Designing a new utility business model? Better understand the traditional one first
By Steve Kihm, Energy Center of Wisconsin; Jim Barrett and Casey J. Bell, American Council for an Energy-Efficient Economy (from ACEEE Summer Study proceedings, 2014)
There appears to be a consensus among energy efficiency advocates that traditional utility regulation rewards sales growth and penalizes efficiency. Economic history, however, appears to tell a more-nuanced story. While we cannot isolate the impacts of energy efficiency per se, we can see that gas utilities stocks have outperformed their electric utility counterparts over the long haul, despite selling less product today than they did forty years ago. (Moody’s, 2000)
Stock prices are influenced in part by changing expectations about the economic value-added created (or destroyed) when utilities build assets. This metric is influenced not only by internal factors, but also by macroeconomic cycles. Historically, periods in which utility asset expansion adds value precede periods in which it diminishes value. The ratemaking model stays the same but the inputs to it change, and as a result the incentives that model creates for utilities change substantially. Focusing on the incentives that the traditional ratemaking model provided in the recent past tells us little about the incentives those same mechanics will likely provide over the next several decades.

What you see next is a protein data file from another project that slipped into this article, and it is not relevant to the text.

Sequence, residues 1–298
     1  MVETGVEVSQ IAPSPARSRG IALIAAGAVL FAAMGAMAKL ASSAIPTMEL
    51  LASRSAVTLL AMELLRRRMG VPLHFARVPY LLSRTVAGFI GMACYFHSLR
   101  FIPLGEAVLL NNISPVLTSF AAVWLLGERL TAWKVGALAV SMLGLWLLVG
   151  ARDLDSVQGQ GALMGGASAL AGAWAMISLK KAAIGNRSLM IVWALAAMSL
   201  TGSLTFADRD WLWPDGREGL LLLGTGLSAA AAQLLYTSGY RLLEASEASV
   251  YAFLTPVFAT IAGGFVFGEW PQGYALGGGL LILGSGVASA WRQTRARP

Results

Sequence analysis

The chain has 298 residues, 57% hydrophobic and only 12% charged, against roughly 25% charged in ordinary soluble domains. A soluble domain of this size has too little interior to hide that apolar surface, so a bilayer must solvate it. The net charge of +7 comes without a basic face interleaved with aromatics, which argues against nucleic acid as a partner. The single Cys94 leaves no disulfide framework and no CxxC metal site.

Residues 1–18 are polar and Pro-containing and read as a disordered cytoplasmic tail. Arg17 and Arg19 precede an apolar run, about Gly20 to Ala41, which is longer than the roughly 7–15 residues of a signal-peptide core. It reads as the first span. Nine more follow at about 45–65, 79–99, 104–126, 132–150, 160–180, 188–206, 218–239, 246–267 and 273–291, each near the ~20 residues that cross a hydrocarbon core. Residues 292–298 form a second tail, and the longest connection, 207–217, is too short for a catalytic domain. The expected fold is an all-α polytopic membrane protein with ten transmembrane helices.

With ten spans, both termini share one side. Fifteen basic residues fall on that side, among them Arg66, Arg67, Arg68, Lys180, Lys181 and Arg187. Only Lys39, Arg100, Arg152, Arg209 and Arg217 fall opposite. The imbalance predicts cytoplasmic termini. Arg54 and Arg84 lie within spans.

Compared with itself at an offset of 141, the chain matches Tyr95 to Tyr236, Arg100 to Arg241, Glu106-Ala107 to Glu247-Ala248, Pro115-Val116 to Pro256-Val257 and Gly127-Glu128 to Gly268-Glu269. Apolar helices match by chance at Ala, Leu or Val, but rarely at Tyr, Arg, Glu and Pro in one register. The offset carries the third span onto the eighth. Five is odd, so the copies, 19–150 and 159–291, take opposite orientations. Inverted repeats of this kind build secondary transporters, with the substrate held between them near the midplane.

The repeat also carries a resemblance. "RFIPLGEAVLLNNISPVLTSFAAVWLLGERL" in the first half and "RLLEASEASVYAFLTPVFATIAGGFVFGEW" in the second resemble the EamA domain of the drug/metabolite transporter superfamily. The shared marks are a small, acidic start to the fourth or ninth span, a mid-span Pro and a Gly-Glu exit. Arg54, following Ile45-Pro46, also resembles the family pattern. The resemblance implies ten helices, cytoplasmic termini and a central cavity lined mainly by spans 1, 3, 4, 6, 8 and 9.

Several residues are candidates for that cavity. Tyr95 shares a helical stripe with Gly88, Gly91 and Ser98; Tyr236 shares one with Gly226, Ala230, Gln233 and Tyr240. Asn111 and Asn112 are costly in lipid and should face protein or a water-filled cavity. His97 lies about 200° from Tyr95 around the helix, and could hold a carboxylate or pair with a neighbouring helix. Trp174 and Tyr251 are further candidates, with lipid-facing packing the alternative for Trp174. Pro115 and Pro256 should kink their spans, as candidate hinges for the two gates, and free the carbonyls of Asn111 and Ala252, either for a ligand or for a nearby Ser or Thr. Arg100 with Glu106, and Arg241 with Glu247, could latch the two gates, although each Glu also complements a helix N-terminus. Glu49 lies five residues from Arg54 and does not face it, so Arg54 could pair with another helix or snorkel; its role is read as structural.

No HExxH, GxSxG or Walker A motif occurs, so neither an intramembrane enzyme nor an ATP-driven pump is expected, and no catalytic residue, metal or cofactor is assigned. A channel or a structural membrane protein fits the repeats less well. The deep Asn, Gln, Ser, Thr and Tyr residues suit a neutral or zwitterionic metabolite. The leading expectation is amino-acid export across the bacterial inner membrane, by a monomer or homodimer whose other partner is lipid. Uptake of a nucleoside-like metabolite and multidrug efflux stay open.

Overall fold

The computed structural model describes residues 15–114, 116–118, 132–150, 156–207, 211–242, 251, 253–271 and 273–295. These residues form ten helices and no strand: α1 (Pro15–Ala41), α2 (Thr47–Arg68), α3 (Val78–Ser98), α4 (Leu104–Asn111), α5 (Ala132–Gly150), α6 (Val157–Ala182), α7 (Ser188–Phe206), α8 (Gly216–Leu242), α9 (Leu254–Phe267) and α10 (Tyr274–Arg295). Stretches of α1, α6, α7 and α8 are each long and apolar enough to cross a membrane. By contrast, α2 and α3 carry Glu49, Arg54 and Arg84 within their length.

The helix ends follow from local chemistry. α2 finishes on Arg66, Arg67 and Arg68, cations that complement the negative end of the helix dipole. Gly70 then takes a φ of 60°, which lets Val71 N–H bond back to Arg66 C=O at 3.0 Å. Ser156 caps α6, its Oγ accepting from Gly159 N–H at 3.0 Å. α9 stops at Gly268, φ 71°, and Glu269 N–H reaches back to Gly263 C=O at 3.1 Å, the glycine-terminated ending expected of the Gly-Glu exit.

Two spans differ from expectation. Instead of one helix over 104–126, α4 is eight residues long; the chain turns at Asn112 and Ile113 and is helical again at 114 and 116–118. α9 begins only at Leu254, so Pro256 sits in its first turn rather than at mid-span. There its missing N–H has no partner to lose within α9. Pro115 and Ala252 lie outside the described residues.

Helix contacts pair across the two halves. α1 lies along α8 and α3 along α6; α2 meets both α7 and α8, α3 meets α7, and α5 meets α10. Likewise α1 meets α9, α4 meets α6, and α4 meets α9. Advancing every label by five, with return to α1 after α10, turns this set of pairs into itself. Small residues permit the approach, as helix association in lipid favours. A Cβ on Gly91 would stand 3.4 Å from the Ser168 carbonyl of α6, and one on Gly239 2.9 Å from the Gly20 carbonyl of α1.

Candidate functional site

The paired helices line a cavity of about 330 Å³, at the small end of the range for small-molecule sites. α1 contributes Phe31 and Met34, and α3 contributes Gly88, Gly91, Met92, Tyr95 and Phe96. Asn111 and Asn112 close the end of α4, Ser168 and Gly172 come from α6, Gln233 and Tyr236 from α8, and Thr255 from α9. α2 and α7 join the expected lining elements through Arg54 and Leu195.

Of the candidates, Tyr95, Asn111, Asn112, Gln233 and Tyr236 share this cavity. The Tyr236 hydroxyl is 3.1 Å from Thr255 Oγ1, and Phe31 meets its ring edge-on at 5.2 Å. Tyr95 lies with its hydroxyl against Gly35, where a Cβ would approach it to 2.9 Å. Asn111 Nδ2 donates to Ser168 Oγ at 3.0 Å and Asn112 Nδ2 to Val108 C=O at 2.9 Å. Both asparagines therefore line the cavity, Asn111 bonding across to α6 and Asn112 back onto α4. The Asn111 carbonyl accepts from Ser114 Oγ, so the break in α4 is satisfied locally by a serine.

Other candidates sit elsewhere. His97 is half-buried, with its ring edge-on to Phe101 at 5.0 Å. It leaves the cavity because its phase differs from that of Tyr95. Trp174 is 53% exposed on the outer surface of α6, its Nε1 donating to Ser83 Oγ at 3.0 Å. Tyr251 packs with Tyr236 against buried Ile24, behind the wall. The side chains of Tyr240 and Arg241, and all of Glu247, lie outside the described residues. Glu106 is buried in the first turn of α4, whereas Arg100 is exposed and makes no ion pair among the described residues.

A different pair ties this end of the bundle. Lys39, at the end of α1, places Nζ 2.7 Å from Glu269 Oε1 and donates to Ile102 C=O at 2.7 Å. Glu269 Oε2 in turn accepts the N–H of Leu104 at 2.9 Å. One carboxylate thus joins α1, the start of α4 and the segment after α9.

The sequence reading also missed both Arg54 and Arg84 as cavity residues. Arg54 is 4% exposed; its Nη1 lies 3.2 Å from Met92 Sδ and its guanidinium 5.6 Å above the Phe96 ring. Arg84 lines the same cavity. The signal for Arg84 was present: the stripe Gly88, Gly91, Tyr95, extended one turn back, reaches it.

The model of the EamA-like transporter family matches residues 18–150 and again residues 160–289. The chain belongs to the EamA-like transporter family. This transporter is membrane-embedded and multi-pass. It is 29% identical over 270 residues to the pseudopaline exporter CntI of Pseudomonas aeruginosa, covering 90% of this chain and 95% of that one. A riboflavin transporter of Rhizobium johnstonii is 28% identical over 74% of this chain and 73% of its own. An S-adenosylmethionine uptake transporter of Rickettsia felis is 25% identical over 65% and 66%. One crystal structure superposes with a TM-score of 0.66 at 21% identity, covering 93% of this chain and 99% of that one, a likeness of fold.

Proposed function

The purposes of this paper are: (1) to describe the existing utility business model at its most fundamental level; (2) to show that this simplified expression can successfully explain past utility financial performance and behavior; and (3) to draw inferences from the model about how current and potential future market conditions are likely to impact utilities’ performance and behavior going forward.